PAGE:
The Geophysical Fluid Dynamics Laboratory (GFDL) is at the center of NOAA's efforts to understand the Earth's climate. Researchers at GFDL used the Cray T-90 and the Cray T3E to develop the hurricane modeling system that became operational in 1995.
The system - which NWS uses for its primary hurricane forecasting model - has improved the accuracy of hurricane forecasting by 40 percent and has been an integral part of predicting every hurricane's course during the last couple of seasons.
In addition to the emergence of scalable systems the high-performance computing market was marked for the first time in 1995 by an increase in sales of midrange high-performance systems. According to a 1996 research report by International Data Corp. several vendors posted midrange system revenue increases from 1994 to 1995 from sales to classified Defense sites.
For example Silicon Graphics Inc. (SGI) saw revenue from midrange sales to classified Defense sites increase from $54 million in 1994 to $75 million in 1995. Cray's revenue from this segment also jumped - from $12 million in 1994 to $30 million in 1995. The vendor with the third largest sales in this market Digital Equipment Corp. saw its revenue increase from $17 million to $23 million during the period.
SGI has made inroads in the federal high-performance computing arena with its servers and visualization products said Lynne Corddry the company's manager of federal business development. The four major shared-resource centers in DOD's modernization program use servers from SGI's Origin family of systems. The Origin200 and the Origin2000 are based upon scalable shared-memory multiprocessing.
The key component of the Origin2000 which is at the high end of the server family is again the building-block approach to computing that allows users to expand up to 128 processors according to company officials.
One of the truly explosive areas of growth for the company though has been visualization. High-performance computing projects generate infinite amounts of data and users are looking for ways to display that information graphically. Corddry said every high-end federal deal for which Cray bids -SGI and Cray merged their operations earlier this year - has users clamoring for visualization products.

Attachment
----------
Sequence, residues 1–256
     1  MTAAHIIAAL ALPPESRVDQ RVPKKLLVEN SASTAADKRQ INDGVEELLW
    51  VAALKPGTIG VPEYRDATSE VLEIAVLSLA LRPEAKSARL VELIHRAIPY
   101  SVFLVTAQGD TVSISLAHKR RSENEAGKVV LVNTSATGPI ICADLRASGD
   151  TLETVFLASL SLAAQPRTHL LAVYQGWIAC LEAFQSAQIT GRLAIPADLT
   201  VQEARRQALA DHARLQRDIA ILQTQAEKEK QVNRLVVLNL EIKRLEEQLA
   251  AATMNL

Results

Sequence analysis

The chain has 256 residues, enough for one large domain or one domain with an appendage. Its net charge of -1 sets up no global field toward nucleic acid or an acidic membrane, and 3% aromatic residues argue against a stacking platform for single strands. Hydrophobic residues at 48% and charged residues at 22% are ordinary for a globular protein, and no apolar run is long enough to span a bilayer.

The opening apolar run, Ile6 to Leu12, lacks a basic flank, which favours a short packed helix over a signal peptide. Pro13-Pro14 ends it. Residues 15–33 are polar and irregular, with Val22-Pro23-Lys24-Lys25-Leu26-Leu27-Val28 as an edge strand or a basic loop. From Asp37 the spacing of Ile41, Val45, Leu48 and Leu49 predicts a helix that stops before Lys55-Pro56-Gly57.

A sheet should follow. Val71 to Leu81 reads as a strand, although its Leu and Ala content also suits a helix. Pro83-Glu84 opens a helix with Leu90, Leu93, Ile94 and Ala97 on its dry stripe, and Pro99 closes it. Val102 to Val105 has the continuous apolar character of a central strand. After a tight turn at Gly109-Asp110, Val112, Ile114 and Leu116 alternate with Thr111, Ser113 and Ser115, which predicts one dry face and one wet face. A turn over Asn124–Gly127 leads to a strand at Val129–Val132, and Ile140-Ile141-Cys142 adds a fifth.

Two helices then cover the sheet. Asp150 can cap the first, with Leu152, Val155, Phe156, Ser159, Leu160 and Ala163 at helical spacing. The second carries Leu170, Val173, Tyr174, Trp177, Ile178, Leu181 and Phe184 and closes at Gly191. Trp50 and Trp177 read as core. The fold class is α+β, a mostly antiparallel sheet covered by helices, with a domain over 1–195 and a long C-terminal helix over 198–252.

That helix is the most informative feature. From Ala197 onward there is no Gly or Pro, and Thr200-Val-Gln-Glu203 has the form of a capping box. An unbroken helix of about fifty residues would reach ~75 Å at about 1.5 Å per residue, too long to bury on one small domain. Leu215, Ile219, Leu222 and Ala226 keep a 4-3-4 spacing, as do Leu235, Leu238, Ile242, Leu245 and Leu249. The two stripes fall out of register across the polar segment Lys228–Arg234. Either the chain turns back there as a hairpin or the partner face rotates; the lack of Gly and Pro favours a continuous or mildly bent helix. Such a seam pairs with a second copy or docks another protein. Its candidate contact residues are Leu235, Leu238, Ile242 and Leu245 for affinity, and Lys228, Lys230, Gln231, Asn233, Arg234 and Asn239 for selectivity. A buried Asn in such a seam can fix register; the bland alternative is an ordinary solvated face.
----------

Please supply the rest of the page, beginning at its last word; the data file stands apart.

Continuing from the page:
Taking satellite and other imagery data and displaying it in real time has proven especially useful to military users including tank commanders she said.
"If you're a tank commander you can visually see the environment [in real time] before you go into battle " Corddry said. "You don't have to just sit there and look at your data. You can see your data. The visualization aspect and the simulation aspect are two areas that are making this market grow."As scalable supercomputing takes more of the federal market the whole area could expand to take on a much greater range of capabilities.
Some industry watchers already have dubbed these midrange applications "desktop supercomputers " though for most the definition of a supercomputer is still that of a high-end machine.
But change probably is inevitable. According to Karl Freund vice president of marketing at Cray people tend to use whatever level of performance fits and call that a supercomputer. For him a supercomputer is a "computational system designed to solve a problem that cannot now be solved by any general- purpose workstation." Which probably makes it a certainty that in a few years what is a supercomputer today will be a desktop computer.
At A Glance
Status: Driven by post-Cold War requirements demand for supercomputing performance while not increasing has been remarkably resilient and steady.
Issues: Scalable supercomputers already a factor in the commercial market are quickly catching on among government buyers who are attracted by their "pay-as-you-use" facility.
Outlook: Good. While overall demand is unlikely to increase for the foreseeable future scalable systems and more flexible multiprocessor programming could increase the range of applications for supercomputers.